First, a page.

What is asymmetric communications?
Asymmetric communications is a term pertaining to any system in which the data speed or quantity, when averaged over time, is different in one direction from the other. Sometimes referred to as asymmetrical or nonsymmetrical communications, asymmetric communications is the opposite of symmetric communications, in which data speed or quantity is the same in both directions over a certain period.
While symmetric communications yields the same upload and download speeds, this is not the case for asymmetric communications. Asymmetric speeds are often found in traditional internet connections in which download speeds often need to be significantly higher than upload speeds or in the wireless networking world, in which data is sent and received through different nodes with different latency, packet error rate and bandwidth.
Asymmetric vs. symmetric communications
Consider an internet connection, in which downstream data from an internet server to the subscriber flows over a broadband satellite downlink, while upstream data (user to server) is sent over a twisted pair telephone line. In this type of asymmetric communications, the hardware is simple, consisting of the following:
- small dish antenna
In this case, the downstream data might flow at extremely high speeds. In many web browsing applications, this may consist of relatively large graphics, sound, multimedia and HyperText Markup Language files. However, upstream data might be limited to low speeds, since it consists mainly of new content requests by the subscriber, which contain fewer bytes compared to downstream data. In this environment, it would not make sense to install the sophisticated hardware necessary for a broadband satellite uplink.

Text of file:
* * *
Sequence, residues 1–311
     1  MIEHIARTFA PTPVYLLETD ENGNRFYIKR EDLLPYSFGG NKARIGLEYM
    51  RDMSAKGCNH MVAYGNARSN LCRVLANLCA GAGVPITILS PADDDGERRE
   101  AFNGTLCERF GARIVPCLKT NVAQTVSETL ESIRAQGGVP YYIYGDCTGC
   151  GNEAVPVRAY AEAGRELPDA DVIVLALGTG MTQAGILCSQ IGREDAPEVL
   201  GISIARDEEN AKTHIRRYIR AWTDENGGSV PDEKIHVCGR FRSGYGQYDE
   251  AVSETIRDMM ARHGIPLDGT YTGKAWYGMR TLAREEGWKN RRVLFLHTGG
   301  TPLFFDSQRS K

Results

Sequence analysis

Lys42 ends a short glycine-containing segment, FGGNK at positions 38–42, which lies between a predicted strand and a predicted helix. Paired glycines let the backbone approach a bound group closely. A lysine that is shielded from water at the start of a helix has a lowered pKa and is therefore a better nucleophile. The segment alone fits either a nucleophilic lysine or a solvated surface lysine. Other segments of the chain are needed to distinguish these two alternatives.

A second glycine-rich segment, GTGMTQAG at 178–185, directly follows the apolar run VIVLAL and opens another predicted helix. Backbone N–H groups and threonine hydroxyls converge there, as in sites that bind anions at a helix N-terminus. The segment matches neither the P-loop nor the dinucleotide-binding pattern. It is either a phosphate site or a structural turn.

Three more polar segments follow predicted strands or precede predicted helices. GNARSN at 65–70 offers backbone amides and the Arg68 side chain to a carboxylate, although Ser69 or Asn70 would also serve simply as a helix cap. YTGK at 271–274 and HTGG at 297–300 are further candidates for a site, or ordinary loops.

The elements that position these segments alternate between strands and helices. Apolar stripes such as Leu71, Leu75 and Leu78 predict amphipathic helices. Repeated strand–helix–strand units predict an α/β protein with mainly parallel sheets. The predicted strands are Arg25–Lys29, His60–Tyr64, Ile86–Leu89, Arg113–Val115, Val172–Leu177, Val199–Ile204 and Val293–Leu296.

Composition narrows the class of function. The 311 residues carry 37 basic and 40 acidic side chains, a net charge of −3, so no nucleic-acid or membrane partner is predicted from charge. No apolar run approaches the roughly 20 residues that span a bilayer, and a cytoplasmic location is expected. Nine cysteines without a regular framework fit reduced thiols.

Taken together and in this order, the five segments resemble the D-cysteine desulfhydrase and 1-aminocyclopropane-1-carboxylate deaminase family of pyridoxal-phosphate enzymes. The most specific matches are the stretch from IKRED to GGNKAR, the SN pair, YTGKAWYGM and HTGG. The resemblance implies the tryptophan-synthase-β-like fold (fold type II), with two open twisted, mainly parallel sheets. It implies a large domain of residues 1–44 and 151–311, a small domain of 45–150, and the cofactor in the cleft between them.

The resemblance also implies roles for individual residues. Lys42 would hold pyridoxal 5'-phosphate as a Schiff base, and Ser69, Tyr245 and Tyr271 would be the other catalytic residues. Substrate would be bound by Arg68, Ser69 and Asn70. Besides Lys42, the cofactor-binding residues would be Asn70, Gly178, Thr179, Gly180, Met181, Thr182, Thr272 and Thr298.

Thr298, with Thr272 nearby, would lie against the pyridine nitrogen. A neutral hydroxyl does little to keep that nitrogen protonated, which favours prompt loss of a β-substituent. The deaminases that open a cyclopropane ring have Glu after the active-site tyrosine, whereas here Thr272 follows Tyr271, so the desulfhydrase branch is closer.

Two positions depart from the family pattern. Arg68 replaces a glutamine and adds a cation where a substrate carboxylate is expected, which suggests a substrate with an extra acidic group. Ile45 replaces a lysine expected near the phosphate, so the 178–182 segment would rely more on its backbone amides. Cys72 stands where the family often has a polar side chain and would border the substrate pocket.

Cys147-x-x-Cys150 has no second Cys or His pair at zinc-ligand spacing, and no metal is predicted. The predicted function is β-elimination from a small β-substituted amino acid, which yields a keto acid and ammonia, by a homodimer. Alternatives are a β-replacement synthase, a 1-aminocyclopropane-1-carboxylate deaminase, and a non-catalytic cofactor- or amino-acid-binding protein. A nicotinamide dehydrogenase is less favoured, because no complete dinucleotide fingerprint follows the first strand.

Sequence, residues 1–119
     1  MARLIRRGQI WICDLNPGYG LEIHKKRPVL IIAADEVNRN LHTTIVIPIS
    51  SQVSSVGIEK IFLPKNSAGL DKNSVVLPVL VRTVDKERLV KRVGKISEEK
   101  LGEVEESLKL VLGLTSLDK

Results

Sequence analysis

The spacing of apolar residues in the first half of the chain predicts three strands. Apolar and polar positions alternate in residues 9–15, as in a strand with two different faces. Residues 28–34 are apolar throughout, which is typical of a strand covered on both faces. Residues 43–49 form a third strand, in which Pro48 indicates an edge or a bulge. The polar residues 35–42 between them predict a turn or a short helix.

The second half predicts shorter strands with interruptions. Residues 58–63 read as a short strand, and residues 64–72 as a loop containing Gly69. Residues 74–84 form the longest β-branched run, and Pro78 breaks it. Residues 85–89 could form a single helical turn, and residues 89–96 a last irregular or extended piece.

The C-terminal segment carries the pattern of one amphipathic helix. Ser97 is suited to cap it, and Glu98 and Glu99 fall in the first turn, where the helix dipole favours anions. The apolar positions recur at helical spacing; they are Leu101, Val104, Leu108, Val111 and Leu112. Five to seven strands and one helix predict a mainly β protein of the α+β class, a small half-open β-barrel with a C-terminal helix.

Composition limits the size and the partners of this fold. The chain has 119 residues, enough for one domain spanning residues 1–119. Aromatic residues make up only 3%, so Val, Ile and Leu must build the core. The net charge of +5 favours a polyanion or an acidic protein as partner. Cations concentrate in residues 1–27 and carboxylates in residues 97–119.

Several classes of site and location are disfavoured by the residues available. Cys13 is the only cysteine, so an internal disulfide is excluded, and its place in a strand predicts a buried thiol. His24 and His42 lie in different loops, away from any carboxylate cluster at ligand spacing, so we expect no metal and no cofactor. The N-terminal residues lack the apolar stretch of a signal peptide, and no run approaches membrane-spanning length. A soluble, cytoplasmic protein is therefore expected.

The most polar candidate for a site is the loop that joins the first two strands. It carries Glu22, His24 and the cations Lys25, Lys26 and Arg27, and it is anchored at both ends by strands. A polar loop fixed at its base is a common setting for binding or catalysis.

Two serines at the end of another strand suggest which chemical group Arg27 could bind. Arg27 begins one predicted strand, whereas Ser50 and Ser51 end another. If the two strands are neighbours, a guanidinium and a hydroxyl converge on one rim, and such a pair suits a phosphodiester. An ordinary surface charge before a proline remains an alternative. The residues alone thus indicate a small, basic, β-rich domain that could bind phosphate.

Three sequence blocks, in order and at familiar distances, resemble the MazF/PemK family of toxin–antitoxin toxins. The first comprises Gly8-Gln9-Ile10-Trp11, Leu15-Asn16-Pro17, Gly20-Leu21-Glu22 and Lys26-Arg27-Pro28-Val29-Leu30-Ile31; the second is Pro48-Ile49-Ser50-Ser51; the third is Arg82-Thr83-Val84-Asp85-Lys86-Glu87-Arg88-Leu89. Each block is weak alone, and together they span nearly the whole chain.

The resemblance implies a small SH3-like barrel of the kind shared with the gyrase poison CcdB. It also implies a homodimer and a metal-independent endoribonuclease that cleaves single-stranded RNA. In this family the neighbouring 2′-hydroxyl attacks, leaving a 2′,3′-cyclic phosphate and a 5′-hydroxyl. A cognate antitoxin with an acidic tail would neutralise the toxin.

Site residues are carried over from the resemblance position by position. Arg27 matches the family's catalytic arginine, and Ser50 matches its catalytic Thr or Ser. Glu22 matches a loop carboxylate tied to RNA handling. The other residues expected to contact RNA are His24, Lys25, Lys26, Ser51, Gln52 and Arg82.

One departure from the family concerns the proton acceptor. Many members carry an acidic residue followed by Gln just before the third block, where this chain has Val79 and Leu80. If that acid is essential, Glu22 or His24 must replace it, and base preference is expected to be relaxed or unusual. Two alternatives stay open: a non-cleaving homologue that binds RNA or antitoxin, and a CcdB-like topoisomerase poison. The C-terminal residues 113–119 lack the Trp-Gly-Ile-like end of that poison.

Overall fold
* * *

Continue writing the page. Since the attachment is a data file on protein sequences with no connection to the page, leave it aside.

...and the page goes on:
Similarly, when users are just browsing the web, they're downloading more information than they're uploading. So, a symmetric connection would be inefficient and a waste of limited telecommunications (telecom) resources. In these situations, asymmetrical communications improve internet performance for end users.
What is an example of asymmetrical communications?
Asymmetric Digital Subscriber Line (ADSL) is an example of asymmetric communications. ADSL technology transmits digital information at a high bandwidth on existing phone lines. It is asymmetric because it uses most of the channel to transmit to the user (downstream) and only a small part to receive from the user (upstream).
Other examples of asymmetrical circuits include the following:
- Fiber to the curb/cabinet (FTTC)
- uses a combination of fiber and copper cables
- uses fiber cables that run from the telephone exchange to roadside cabinets, which then connect to standard phone lines at business premises via copper cables to deliver broadband
- provides higher upload and download speeds than traditional ADSL copper wire connections
- suitable for small and midsize businesses
- Fiber to the premises/home (FTTP/FTTH)
- does not use any copper cabling
- extends only fiber cables all the way from the local exchange to end-user premises to enable direct connections to the internet (without a telephone line)
- delivers high data speeds via dedicated fibers to each end-user location
- more expensive than FTTC due to the higher fiber count